Reducing Stillbirths By Up to One Million? -- MEDICA - World Forum for Medicine

Reducing Stillbirths By Up to One Million?

Photo: Girl in Africa with baby on its back

An educational package for birth
attendants might make a huge
difference; © SXC

Ninety-eight percent of the 3.7 million neonatal deaths and 3.3 million stillbirths each year occur in developing countries. This project was designed to train birth attendants, including doctors, midwives, nurses and traditional birth attendants, in communities and hospitals in 96 communities worldwide.

"The birth attendants were trained to do several easy steps that are critical for babies to survive at birth and be kept alive through the first week of life," said lead author Waldemar Carlo. "We selected the World Health Organization course on essential newborn care because it contains what we believed are the essential interventions necessary to sustain life in many infants and created an educational package that included interventions that could be used by any birth attendant anywhere in the world."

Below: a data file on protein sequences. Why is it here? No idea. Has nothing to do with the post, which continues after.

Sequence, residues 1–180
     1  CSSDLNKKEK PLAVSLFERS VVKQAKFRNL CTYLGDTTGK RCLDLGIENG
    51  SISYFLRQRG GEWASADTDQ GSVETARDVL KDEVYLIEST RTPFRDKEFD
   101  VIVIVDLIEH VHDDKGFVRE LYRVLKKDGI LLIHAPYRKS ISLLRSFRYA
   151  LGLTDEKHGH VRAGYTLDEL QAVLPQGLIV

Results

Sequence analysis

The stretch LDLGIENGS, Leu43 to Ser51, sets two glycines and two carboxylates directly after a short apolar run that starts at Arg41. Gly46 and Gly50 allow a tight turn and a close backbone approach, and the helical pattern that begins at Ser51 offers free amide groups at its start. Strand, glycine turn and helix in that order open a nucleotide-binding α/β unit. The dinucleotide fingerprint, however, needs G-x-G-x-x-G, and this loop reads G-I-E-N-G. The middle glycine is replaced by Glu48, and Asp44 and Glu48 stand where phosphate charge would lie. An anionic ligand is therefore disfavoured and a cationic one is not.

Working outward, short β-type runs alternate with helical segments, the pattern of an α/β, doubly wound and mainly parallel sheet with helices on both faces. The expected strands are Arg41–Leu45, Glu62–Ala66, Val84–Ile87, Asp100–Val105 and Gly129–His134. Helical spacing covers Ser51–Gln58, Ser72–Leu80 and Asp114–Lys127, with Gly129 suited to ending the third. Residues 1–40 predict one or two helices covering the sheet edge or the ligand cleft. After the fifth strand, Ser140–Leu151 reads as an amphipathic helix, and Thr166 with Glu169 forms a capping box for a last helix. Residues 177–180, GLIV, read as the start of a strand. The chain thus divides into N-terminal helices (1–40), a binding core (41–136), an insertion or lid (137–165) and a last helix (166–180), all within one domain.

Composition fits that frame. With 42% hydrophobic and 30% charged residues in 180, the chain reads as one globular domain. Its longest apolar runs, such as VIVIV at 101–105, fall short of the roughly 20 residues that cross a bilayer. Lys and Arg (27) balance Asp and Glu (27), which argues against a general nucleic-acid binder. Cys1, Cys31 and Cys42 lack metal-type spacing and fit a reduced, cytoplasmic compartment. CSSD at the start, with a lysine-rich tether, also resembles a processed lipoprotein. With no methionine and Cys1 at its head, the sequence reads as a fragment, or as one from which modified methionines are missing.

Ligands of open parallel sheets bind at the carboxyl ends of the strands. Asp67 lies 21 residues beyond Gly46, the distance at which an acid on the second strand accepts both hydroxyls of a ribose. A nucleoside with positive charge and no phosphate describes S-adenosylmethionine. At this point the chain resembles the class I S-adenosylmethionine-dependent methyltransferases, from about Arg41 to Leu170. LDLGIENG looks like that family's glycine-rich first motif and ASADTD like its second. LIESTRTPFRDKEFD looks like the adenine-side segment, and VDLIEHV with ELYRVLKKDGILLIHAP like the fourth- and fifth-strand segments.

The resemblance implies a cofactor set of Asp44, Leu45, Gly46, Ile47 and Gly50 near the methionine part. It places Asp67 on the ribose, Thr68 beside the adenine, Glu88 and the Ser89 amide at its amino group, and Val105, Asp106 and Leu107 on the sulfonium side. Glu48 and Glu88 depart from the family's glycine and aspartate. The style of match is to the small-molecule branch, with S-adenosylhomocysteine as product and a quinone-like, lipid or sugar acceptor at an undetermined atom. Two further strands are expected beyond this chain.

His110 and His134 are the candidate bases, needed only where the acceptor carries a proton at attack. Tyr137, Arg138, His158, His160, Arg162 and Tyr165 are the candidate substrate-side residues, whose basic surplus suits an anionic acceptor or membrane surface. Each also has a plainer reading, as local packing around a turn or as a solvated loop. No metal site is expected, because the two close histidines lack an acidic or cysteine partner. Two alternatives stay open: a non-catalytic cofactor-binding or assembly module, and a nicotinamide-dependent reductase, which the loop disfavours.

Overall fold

Using the train-the-trainer model, local instructors trained birth attendants from rural communities in Argentina, Democratic Republic of Congo, Guatemala, India, Pakistan and Zambia. They used the World Health Organization (WHO) newborn-care course and a modified version of the American Academy of Pediatrics Neonatal Resuscitation Program.

The goal was to see if training birth attendants to use these interventions would reduce perinatal and neonatal mortality in the first week of life in infants weighing at least 1500 grams in rural communities in developing countries.

The stillbirth rate decreased significantly for nurses and midwives and traditional birth attendants following essential newborn care training. The stillbirth rate also decreased among home deliveries. There was not a significant decrease in all-cause first week mortality or stillbirth for those using the in-depth neonatal resuscitation program. "A package of essential newborn-care interventions, if implemented worldwide, might decrease perinatal deaths by about one million per year," Carlo said.; Source: University of Alabama at Birmingham